- Across the board, there is a sense that the education system itself has failed its teachers, and teachers are overall demotivated. Overall there is little appetite for accountability, particularly given the hardships (real and perceived) as discussed above. In this context, a very clear message was that simply more monitoring (or other kinds of punitive approaches) will do nothing to change the behavior of a demotivated teacher.
- Even though the system is seen to be failing its teachers, almost paradoxically the various actors cooperate to keep the status quo going – the system may be failing, but it’s still better than having no system at all (and presumably no job). Relationships within the system seem to rest on a web of complicity, not a sense of responsibility or accountability. So teachers cover for each other, head teachers cover for their teachers, all produce data to show that there is no real problem. Since everyone cooperates this way, there is little appetite for exposing anyone or any component.
- In the eyes of many teachers and head teachers, parents and communities have reneged on their responsibilities to send children to school, to follow up, to pay fees when required, to contribute food, etc. Their absence is particularly felt in areas where pupil absenteeism is high. Conversations with parents as part of this fieldwork do confirm that for the most part, they are either checked out (do not feel is their responsibility or their place to act vis-à-vis the schools), or if they do want to act, really don’t know what to do (beyond the actions that are already in their parental sphere, such as giving children breakfast before school). We don’t yet know enough about what would truly motivate them to participate more, and the Public Agency pilot needs to explore this in greater detail.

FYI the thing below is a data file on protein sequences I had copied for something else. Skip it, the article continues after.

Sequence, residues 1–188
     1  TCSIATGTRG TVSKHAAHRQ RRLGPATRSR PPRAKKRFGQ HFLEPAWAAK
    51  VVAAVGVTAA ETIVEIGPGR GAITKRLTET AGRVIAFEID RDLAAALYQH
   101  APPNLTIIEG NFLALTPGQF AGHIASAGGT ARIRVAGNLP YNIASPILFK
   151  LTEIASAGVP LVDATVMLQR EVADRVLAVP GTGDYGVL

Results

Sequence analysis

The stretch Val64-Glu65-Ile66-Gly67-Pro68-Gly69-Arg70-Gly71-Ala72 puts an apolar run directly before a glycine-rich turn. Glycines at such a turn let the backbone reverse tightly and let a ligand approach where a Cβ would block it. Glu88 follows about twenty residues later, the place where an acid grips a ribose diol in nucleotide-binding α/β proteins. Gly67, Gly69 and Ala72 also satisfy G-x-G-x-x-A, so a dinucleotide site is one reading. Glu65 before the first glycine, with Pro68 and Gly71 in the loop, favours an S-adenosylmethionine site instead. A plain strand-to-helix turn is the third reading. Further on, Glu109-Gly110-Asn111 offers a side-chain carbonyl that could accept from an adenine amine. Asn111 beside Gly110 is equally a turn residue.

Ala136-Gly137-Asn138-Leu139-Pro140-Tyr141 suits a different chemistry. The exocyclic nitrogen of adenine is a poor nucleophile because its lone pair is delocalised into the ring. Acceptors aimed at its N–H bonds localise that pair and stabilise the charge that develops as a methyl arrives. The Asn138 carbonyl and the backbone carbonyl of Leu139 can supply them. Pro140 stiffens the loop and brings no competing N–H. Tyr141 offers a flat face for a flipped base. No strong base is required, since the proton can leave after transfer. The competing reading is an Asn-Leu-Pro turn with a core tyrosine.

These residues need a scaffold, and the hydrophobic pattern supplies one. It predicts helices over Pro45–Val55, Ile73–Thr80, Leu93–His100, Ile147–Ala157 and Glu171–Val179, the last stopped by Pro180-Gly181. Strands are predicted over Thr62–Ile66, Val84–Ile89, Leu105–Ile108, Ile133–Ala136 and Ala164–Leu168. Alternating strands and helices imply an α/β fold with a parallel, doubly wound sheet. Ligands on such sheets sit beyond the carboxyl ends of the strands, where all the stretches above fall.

- All respondents feel they have at least some power to act on this issue, but they seem to have neither the interest nor do they feel that it is directly their responsibility to act.
- When asked who has the responsibility to ensure teachers (and pupils) are present and teaching, fingers are always pointed somewhere else. There were nearly zero statements of ownership in these discussions: no one spoke about what I can do; everyone spoke about what someone else should do, and it was always in very abstract terms.
- When asked who has the power to act (to ensure teachers are present), people did speak about themselves and the power they have. Many of the statements here started with “I can…” (E.g. from a head teacher, I can check on whether my teachers are actually in the classrooms). Interestingly, no one felt they were powerless, although their power sphere may be small. Even students expressed this sentiment, with statements such as “I can make sure I am in school on time.”
- When asked who has the interest or incentive to act, the finger pointing started again, and again no one claimed interest directly for themselves.
To find out more, read the full brief here.
Organizations: Twaweza East Africa
Type: Policy brief